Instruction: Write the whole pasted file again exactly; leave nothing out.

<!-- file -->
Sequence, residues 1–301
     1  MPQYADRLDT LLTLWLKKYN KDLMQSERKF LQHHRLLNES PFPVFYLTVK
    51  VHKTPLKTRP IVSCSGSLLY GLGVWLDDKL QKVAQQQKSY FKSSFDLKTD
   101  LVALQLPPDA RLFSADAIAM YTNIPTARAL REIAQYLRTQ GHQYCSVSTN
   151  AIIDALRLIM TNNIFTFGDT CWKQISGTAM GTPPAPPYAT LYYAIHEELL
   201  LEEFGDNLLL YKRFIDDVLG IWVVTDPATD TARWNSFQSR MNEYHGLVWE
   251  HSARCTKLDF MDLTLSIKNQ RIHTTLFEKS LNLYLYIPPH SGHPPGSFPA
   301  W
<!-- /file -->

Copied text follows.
Sequence, residues 1–301
     1  MPQYADRLDT LLTLWLKKYN KDLMQSERKF LQHHRLLNES PFPVFYLTVK
    51  VHKTPLKTRP IVSCSGSLLY GLGVWLDDKL QKVAQQQKSY FKSSFDLKTD
   101  LVALQLPPDA RLFSADAIAM YTNIPTARAL REIAQYLRTQ GHQYCSVSTN
   151  AIIDALRLIM TNNIFTFGDT CWKQISGTAM GTPPAPPYAT LYYAIHEELL
   201  LEEFGDNLLL YKRFIDDVLG IWVVTDPATD TARWNSFQSR MNEYHGLVWE
   251  HSARCTKLDF MDLTLSIKNQ RIHTTLFEKS LNLYLYIPPH SGHPPGSFPA
   301  W